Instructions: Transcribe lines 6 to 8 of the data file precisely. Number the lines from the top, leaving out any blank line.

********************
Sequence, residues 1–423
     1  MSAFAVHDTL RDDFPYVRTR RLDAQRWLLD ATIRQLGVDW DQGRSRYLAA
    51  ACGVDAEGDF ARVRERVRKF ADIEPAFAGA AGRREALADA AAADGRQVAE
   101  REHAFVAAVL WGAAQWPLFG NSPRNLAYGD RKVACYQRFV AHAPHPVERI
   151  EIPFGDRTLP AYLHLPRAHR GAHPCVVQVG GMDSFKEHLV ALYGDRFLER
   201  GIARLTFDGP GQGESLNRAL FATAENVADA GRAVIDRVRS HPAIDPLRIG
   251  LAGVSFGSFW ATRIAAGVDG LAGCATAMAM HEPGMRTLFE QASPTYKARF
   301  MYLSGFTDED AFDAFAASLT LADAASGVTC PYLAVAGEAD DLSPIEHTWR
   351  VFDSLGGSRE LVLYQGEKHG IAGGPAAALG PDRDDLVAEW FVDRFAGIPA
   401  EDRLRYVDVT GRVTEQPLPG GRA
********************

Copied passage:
   201  GIARLTFDGP GQGESLNRAL FATAENVADA GRAVIDRVRS HPAIDPLRIG
   251  LAGVSFGSFW ATRIAAGVDG LAGCATAMAM HEPGMRTLFE QASPTYKARF
   301  MYLSGFTDED AFDAFAASLT LADAASGVTC PYLAVAGEAD DLSPIEHTWR